Here, `a`

has type `f α`

, and `f`

is a functor.
If `f`

is `List`

, then `(fun x _ => x) <$> [1, 2, 3]`

evaluates to `[fun _ => 1, fun _ => 2, fun _ => 3]`

.
If `f`

is `Option`

, then `(fun x _ => x) <$> some "hello"`

evaluates to `some (fun _ => "hello")`

.
In each case, the values in the functor are replaced by functions that return the original value, ignoring their argument.
When combined with `seq`

, this function discards the values from `seq`

's second argument.

The default implementation for `seqRight`

is very similar, except `const`

has an additional argument `id`

.
This definition can be understood similarly, by first introducing some standard syntactic sugar and then replacing some names with their definitions:

```
fun a b => Seq.seq (Functor.map (Function.const _ id) a) b
===>
fun a b => Seq.seq ((fun _ => id) <$> a) b
===>
fun a b => Seq.seq ((fun _ => fun x => x) <$> a) b
===>
fun a b => Seq.seq ((fun _ x => x) <$> a) b
```

How should `(fun _ x => x) <$> a`

be understood?
Once again, examples are useful.
`(fun _ x => x) <$> [1, 2, 3]`

is equivalent to `[fun x => x, fun x => x, fun x => x]`

, and `(fun _ x => x) <$> some "hello"`

is equivalent to `some (fun x => x)`

.
In other words, `(fun _ x => x) <$> a`

preserves the overall shape of `a`

, but each value is replaced by the identity function.
From the perspective of effects, the side effects of `a`

occur, but the values are thrown out when it is used with `seq`

.

## Monad

Just as the constituent operations of `Applicative`

are split into their own type classes, `Bind`

has its own class as well:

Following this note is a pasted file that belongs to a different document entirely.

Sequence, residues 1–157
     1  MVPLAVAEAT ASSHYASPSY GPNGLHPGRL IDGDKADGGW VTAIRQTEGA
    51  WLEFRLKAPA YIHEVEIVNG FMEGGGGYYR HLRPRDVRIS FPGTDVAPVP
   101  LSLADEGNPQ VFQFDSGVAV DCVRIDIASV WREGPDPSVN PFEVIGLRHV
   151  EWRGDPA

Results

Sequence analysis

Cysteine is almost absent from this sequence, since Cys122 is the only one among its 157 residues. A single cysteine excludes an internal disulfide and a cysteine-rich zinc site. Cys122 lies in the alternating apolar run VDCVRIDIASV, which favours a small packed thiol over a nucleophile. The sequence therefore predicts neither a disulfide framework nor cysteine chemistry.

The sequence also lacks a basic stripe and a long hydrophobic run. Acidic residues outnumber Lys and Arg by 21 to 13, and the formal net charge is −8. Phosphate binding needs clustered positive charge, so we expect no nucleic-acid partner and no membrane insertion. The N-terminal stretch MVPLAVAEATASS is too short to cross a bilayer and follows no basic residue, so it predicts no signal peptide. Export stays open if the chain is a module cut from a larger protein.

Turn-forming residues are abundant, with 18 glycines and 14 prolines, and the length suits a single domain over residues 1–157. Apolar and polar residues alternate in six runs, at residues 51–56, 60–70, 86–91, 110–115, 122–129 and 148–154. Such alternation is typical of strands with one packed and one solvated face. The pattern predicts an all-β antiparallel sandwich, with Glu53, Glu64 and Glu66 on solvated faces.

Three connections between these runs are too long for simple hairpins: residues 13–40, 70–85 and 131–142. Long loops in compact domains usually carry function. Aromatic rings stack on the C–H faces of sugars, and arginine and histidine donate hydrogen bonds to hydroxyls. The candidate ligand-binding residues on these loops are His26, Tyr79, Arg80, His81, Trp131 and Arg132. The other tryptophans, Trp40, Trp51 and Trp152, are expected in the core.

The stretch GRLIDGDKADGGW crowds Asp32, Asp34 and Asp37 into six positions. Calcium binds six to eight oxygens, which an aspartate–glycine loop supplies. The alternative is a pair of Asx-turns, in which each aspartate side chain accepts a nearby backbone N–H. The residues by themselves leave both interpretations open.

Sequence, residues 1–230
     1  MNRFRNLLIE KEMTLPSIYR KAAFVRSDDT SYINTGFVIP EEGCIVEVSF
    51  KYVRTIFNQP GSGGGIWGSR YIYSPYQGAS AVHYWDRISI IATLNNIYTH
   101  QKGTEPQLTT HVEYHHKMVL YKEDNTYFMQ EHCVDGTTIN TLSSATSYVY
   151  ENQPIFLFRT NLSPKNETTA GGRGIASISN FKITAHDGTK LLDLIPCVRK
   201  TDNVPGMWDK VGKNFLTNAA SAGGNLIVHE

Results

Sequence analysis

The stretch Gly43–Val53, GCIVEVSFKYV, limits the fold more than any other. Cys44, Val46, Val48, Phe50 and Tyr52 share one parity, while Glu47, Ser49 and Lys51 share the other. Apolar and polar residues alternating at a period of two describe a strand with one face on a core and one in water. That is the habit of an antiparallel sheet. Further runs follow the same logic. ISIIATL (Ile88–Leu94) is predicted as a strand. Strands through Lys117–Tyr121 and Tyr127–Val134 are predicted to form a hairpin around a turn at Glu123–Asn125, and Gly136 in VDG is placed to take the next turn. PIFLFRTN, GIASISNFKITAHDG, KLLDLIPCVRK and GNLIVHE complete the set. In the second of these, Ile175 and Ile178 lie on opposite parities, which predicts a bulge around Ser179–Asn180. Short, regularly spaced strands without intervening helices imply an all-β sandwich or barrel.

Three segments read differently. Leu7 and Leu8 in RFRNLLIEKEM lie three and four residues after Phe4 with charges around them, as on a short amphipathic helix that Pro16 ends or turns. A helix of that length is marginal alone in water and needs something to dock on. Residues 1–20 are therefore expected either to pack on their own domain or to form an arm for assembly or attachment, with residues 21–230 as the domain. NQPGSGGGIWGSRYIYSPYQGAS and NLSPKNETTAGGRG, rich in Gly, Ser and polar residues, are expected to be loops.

```
class Bind (m : Type u → Type v) where
bind : {α β : Type u} → m α → (α → m β) → m β
```

`Monad`

extends `Applicative`

with `Bind`

:

```
class Monad (m : Type u → Type v) extends Applicative m, Bind m : Type (max (u+1) v) where
map f x := bind x (Function.comp pure f)
seq f x := bind f fun y => Functor.map y (x ())
seqLeft x y := bind x fun a => bind (y ()) (fun _ => pure a)
seqRight x y := bind x fun _ => y ()
```

Tracing the collection of inherited methods and default methods from the entire hierarchy shows that a `Monad`

instance requires only implementations of `bind`

and `pure`

.
In other words, `Monad`

instances automatically yield implementations of `seq`

, `seqLeft`

, `seqRight`

, `map`

, and `mapConst`

.
From the perspective of API boundaries, any type with a `Monad`

instance gets instances for `Bind`

, `Pure`

, `Seq`

, `Functor`

, `SeqLeft`

, and `SeqRight`

.

## Exercises

- Understand the default implementations of
`map`

,`seq`

,`seqLeft`

, and`seqRight`

in`Monad`

by working through examples such as`Option`

and`Except`

. In other words, subsitute their definitions for`bind`

and`pure`

into the default definitions, and simplify them to recover the versions`map`

,`seq`

,`seqLeft`

, and`seqRight`

that would be written by hand. - On paper or in a text file, prove to yourself that the default implementations of
`map`

and`seq`

satisfy the contracts for`Functor`

and`Applicative`

. In this argument, you're allowed to use the rules from the`Monad`

contract as well as ordinary expression evaluation.